Uses areas of Spot Welding
Due to its low thermal conductivity and higher electrical resistance, weld detection of steel is relatively easy, suitable for low carbon steel spot welding. However, high carbon content steels are prone to poor fracture toughness or cracking in welds as they tend to form hard and brittle microstructures.
Galvanized steel (zinc-coated) requires slightly higher welding currents to weld than uncoated steel. In addition, copper electrodes in zinc alloys rapidly deteriorate the surface and cause loss of weld quality. When spot welding zinc-plated steels, the electrodes either have to be changed frequently or the electrode tip surface is observed where a cutter removes contaminated material and reshapes the electrode to reveal a clean copper surface.
Other commonly spot-welded materials include stainless steels (especially austenitic and ferritic grades), nickel alloys, and titanium.
Although aluminum has thermal conductivity and electrical resistance close to that of copper, the melting point for aluminum is lower, which means it can be welded. However, due to its low resistance, very high current levels must be used when welding aluminum (two to three times higher than steel of equivalent thickness).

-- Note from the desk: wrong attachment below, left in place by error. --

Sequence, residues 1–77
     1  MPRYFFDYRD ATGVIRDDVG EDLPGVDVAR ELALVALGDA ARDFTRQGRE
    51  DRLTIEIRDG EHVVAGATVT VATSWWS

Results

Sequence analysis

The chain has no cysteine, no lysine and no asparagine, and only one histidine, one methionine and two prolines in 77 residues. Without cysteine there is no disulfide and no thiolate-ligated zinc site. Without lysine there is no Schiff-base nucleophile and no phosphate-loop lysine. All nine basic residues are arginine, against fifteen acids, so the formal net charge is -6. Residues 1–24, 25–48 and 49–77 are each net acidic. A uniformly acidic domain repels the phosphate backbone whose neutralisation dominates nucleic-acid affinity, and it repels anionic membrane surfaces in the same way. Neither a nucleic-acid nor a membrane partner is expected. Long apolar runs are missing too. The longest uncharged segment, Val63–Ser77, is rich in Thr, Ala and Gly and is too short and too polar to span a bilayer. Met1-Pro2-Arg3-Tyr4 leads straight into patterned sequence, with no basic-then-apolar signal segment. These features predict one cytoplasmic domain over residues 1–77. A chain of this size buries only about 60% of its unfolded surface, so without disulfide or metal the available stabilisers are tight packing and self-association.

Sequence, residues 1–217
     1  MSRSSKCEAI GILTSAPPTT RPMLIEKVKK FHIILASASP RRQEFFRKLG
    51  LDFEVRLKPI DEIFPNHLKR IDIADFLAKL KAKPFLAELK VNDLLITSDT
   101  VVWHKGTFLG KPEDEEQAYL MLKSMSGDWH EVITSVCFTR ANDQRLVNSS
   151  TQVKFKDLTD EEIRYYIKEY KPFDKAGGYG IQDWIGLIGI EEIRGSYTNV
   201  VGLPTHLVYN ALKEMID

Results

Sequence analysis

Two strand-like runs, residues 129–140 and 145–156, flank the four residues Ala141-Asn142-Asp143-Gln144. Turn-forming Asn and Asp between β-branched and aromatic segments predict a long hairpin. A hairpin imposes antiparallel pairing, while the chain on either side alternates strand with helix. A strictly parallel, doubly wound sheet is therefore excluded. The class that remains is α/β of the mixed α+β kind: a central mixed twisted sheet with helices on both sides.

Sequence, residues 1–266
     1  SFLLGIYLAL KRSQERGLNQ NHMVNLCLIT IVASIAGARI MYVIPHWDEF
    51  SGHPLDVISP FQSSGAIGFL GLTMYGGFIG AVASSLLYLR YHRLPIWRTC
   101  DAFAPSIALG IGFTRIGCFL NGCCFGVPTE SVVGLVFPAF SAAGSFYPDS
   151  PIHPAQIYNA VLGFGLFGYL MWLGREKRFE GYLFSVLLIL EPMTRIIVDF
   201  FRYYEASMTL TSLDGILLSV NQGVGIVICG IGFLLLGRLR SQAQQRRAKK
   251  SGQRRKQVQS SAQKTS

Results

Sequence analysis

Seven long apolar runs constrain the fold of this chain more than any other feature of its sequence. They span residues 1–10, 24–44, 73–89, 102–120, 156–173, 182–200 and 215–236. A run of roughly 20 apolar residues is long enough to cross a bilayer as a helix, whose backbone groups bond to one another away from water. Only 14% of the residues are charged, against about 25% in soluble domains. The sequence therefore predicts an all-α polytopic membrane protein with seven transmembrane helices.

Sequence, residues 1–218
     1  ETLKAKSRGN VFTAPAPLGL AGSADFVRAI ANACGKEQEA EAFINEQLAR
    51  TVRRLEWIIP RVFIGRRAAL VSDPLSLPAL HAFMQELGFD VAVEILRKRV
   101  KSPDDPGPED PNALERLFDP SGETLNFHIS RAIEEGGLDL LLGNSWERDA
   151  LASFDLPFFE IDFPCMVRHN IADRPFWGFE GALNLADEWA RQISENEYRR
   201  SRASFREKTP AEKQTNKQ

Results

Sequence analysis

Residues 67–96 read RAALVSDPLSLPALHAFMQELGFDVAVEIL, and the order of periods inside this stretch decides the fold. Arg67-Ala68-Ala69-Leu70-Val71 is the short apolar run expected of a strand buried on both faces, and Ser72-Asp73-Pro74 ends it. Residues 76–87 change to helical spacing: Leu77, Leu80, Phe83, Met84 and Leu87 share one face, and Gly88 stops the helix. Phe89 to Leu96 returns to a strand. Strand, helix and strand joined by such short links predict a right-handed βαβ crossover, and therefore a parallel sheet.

Copper and its alloys can also be joined by resistance spot welding, but spot welding copper is not easily achieved with conventional copper alloy spot welding electrodes because the heat generation at the electrodes and the workpiece are very similar. Electrode materials typically used for copper spot welding include molybdenum and tungsten.
Sectors where spot welding is applied
- automobile industry
Spot welding is a popular welding method in the automobile industry because it is an inexpensive but effective way of joining sheet metal. Therefore, it can be used with trained personnel or robots as it requires very little skill. As a result, it means more cars are being developed because the welding process is fast and efficient.
- for electronics
This welding method is widely used in the manufacture of electronics such as circuit boards, gas sensors, and even solar panels. This method is known as electronic resistance welding and is also used to create complex and delicate electrical components, from wires to switches to hand tools.